Seat Leon plug-in hybrid long-term test review: report 4
The Seat Leon is our favourite family hatchback and it's now available as a plug-in hybrid. We're living with one to find out if it's the pick of the range...
The car Seat Leon e-Hybrid FR | Run by Claire Evans, consumer editor
Why it’s here The petrol-engined Seat Leon fended off some serious rivals to become our Family Car of the Year 2021, but how good is the plug-in hybrid version? We’re living with one to find out
Needs to Prove itself comfortable and well appointed, but more importantly put up a convincing argument for plug-in hybrid technology
Mileage 2620 List price £32,835 Target price £31,114 Price as tested £31,115 Test economy 77.2mpg Official economy 235.4mpg
15 April 2021 – Charging ahead
Overall, I’ve found my Seat Leon really easy to charge at home and using public chargers. The charging port on the car is easily accessible on the front nearside wing, and it unlocks with the car so it’s simple to pop it open and plug the charger in.
You do need to stand next to the charge port and unlock the car to get it to let go of the plug, but I’m pleased to say that I haven't once suffered any difficulties extracting the plug – unlike a colleague whose Renault Zoe refused to let him unplug it for a couple of hours.
However, I’ve seen the future – it is electric. And it's made me realise that my Seat Leon plug-in hybrid is only part of the journey to it.
While on a work-related journey through Essex, I stopped at the UK’s first all-electric service station. Gridserve, on the A131 near Braintree, is a forecourt with a difference; you can only fill up with electricity there, not any type of fossil fuel. Out of curiosity, I stopped there to replenish the Leon’s batteries.
Pulling up next to the long line of futuristic-looking charging points, I realised that I couldn’t actually charge my car at them because they were all Chademo and combined charging system (CCS) rapid chargers, and I only had a Type 2 connector and lead for my car. Even if I did have the correct lead, it would be a waste of time using these rapid chargers because, like many plug-in hybrids, my car has a maximum charging rate of just over 3kW, so it wouldn’t fill up any faster using a rapid charger.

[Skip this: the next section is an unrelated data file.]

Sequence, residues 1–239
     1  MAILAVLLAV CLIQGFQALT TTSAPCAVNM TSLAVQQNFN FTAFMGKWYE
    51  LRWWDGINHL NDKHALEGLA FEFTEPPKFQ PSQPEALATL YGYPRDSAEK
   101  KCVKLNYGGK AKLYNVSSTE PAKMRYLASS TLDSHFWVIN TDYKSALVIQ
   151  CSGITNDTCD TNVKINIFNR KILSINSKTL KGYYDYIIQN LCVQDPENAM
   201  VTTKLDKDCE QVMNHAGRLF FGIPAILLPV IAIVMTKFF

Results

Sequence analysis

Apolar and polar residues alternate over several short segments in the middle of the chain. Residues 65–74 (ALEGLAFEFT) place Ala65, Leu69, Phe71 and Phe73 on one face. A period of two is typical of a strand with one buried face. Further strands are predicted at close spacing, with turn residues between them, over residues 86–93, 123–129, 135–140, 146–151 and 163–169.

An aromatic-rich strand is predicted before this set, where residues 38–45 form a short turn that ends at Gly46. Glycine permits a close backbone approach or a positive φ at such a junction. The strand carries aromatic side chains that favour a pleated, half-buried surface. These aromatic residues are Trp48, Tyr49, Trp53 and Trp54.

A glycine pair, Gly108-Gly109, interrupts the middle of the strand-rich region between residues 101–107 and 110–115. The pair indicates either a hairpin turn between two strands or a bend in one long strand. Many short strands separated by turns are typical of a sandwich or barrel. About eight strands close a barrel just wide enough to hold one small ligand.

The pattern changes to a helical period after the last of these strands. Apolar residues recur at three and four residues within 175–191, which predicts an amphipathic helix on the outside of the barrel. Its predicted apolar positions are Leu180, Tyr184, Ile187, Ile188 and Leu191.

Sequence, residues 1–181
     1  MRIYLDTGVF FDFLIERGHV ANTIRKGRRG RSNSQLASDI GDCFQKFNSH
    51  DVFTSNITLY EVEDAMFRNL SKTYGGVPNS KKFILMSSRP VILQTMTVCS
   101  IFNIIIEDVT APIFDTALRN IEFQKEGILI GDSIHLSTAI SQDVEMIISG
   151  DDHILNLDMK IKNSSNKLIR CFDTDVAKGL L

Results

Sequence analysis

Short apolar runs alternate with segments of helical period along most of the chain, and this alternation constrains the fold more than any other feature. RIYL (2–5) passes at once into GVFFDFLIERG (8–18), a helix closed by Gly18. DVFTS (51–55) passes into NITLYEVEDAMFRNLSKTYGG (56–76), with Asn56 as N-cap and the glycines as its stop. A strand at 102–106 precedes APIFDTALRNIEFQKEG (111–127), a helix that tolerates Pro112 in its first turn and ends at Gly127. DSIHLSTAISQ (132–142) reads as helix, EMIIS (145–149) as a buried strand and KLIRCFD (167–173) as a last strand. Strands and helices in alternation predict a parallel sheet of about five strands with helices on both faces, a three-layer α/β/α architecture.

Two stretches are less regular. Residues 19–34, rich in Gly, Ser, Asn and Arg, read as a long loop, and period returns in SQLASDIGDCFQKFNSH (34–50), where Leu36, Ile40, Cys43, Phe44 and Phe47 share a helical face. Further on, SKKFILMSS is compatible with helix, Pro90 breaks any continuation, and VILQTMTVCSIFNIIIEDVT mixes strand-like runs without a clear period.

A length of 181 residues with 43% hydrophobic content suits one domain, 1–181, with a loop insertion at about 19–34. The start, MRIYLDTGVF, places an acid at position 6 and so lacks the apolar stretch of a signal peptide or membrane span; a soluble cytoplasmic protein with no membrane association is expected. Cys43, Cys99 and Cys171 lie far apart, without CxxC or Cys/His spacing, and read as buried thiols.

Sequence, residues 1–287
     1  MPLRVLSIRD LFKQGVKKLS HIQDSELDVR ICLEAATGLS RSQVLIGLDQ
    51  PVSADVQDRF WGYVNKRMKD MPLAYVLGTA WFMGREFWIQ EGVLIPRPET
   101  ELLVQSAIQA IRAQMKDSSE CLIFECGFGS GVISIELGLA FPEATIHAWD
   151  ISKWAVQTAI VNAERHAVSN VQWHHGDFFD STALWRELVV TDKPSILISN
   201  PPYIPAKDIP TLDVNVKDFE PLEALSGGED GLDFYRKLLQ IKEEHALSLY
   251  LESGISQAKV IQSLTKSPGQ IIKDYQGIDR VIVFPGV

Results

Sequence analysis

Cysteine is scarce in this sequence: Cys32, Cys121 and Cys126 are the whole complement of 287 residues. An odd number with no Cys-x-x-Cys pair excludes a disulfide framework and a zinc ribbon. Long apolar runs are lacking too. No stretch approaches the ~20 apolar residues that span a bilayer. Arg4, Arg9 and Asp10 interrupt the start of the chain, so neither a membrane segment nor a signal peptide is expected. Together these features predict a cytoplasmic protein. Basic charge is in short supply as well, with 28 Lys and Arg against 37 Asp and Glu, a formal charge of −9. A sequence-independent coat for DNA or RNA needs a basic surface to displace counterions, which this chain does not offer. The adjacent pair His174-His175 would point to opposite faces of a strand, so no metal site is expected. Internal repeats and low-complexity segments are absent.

This means it takes around four hours for the Leon's battery to go from a 20% to 80% charge, whether I use a 7kW or 22kW charging point, or around six hours using a household three-pin plug. This is fine for topping up the batteries overnight or while I spend some time at a shopping centre, but it does mean I can’t get a quick fix of electricity while I’m out and about.
That said, the very helpful people at the Gridserve forecourt quickly spotted me standing next to a rapid charger looking a bit confused, and soon pointed me in the direction of a 7kW charger situated to the side of the main area, where I could plug my car in and charge it up for free. This was a temporary arrangement while parts of the four-month-old location were still being finalised; at some point in the near future, this charge will incur the same 24p per kWh as the site’s rapid chargers.
Aside from the lack of petrol and diesel pumps, the Gridserve site is much like any other service area, with the shops and cafes you’d expect. One difference is that it has a car showroom and information centre on the first floor, where you can browse a small selection of electric cars that are available to lease. Maybe I’ll be here in a couple of years time picking up a pure electric replacement for the Leon?